Ke Ea O Ka 'Äina ("Poi Pounder / The sovereignty of the land")
Ke Ea O Ka 'Äina (The sovereignty of the land)
from the series:'Ike Ho'omaopopo by artist: LeoHone
This painting is intended to represent the legacy of Ke Ali'i
Maka'äinana, the "Citizen Prince," Jonah Kühiö Kalaniana'ole (1871-1922), the
boy who would be king... or not...
For the first two decades of his life, Prince Kühiö, adopted son of King
Kaläkaua and Queen Kapi'olani, had been groomed as the probable heir to the
throne. Had the monarchy survived, he most likely would have become king. But
it was not to be.
Soon after he returned to his homeland from his extensive studies on the
mainland and abroad, he was faced with the horrifying deposition and
subsequent imprisonment of his aunt, Queen Lili'uokalani. His world, as he had
always known it, came crashing down around him, his dreams of one day ruling
the Kingdom of Hawai'i up in smoke.
From the ashes of these ruins, Prince Kühiö's great, indomitable spirit
rose to fight for his people. A loyal and staunch Royalist, he organized a
counter-revolution which was thwarted in its final stage. He was arrested,
jailed, and released one year later - on the same day that Queen Lili'uokalani
was released from her imprisonment in the palace. He left his homeland in a
In 1901, Prince Kühiö returned home to a rapidly dwindling native
population. He was soon persuaded that the best way he could serve his
homeland and save his people from extinction, was by running for Congress. He
was elected in 1902, serving 20 years in Congress (10 terms) before his death
in 1922. As a tremendously capable statesman, Prince Kühiö accomplished many
great things, the most remarkable being the 1921 enactment of the Hawaiian
Homes Commission Act, giving native Hawaiians first consideration in the
disposition of the public lands of the territory. He pled with Congress to
rectify the great wrong which had been done the Hawaiians, arguing that a
return to the soil would save the Hawaiian race from dying out. "You must save
yourselves by work - hard work. It rests with those who go upon the land,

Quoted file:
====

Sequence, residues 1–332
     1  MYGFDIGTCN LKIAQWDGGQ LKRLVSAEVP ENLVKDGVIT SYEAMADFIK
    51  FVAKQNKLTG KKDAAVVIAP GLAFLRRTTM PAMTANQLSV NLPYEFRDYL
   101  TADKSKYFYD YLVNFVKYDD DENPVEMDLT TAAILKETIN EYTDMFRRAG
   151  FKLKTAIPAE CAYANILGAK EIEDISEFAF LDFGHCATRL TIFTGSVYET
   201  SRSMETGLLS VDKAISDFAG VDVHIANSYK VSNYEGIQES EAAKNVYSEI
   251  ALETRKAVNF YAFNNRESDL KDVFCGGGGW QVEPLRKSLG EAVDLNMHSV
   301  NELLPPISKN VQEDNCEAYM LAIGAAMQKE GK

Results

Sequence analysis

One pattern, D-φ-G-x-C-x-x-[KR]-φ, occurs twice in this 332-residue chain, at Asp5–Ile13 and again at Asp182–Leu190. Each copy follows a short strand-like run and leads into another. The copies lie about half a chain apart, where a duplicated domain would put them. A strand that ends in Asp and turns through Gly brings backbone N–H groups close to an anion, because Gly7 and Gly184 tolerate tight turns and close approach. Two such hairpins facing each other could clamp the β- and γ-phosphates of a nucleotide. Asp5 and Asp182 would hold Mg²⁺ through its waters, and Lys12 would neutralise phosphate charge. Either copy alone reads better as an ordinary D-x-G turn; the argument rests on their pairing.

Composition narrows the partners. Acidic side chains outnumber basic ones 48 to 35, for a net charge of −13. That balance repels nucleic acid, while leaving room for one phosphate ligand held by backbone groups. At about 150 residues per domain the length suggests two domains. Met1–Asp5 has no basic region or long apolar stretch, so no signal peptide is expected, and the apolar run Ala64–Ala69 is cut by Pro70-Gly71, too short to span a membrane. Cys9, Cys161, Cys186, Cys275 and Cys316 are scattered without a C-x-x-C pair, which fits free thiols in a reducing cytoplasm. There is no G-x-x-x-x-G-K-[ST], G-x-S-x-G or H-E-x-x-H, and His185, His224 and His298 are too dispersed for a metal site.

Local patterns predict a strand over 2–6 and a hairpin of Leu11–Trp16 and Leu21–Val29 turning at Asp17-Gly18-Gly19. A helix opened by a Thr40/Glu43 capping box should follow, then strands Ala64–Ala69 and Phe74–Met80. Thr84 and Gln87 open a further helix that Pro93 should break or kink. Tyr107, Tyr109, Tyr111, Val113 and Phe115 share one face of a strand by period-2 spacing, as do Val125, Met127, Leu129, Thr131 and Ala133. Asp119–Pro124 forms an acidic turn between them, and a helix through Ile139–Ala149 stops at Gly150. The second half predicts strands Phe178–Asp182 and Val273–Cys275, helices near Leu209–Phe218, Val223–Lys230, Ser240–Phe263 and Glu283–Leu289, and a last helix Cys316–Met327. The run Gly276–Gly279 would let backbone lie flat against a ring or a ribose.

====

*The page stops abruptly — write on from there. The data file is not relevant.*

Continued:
under the rehabilitation scheme, to prove that they can and will remain upon
the soil and get a living from it."
He urged Hawaiians to take pride in their American citizenship and to
work within the system to get ahead. After one of his most successful
elections, he proclaimed in triumph: "Hawaiians have risen in their glory, in
manhood and pride of their own. Hawaiians are now inoculated with love for
their native hearth, and their pride of race."
The imu (distant background), the taro pulling in the ancient lo'i
fields (middle), and the exclusively Hawaiian poi pounding (foreground) are to
illustrate the sovereignty of the land - ke ea o ka 'äina.
The young model in the foreground is Raycyn, eldest son of Pua Moefu
(hula painting). I was fascinated by his resemblance to the very young
Kühiö(Raycyn is also from Kaua'i). In portraying the prince both in his
formative years and as an adult statesman (shown on horseback the way he so
often was), I wanted somehow to "introduce" you to the child who would one day
row up to make the single greatest ongoing contribution to people of Hawaiian
ancestry. (As with the other ali'i in this series, their eyes will follow you
anywhere in the room.) The faint image of the house against the newer house is
one of the first Hawaiian homesteads (Moloka'i, circa 1926).
The two models (with visible faces) pulling taro are from the left, my
husband, Kamuela Magno, and on the right, my good friend, Libert O'Sullivan.
Libert made many trips with me up to the lo'i fields in Waiahole to research
this painting. He regularly pulls taro there and pounds poi at the Poi Factory
by the highway. He gave me a basket he had just finished weaving and I put the
poi pounder in it and painted it thus. Tending the imu along with their late
father, Ramus Ho'olulu Seabury, are my nephews, (left to right) Keone (father
of Briana from the Leimakers), Kala, (grandfather of Ku'ualoha from the
Leimakers), and Kekai. The poi pounding board and the poi pounder are over one
hundred years old. They belong to the Daniel Kapuniai ohana in Waimanalo.
Unframed Limited Edition Sizes:
Artist Proof: 75 Size: 68x55
Large: 288 Size 50x40
Medium: 288 Size: 40x32
Small: 288 Size: 30x24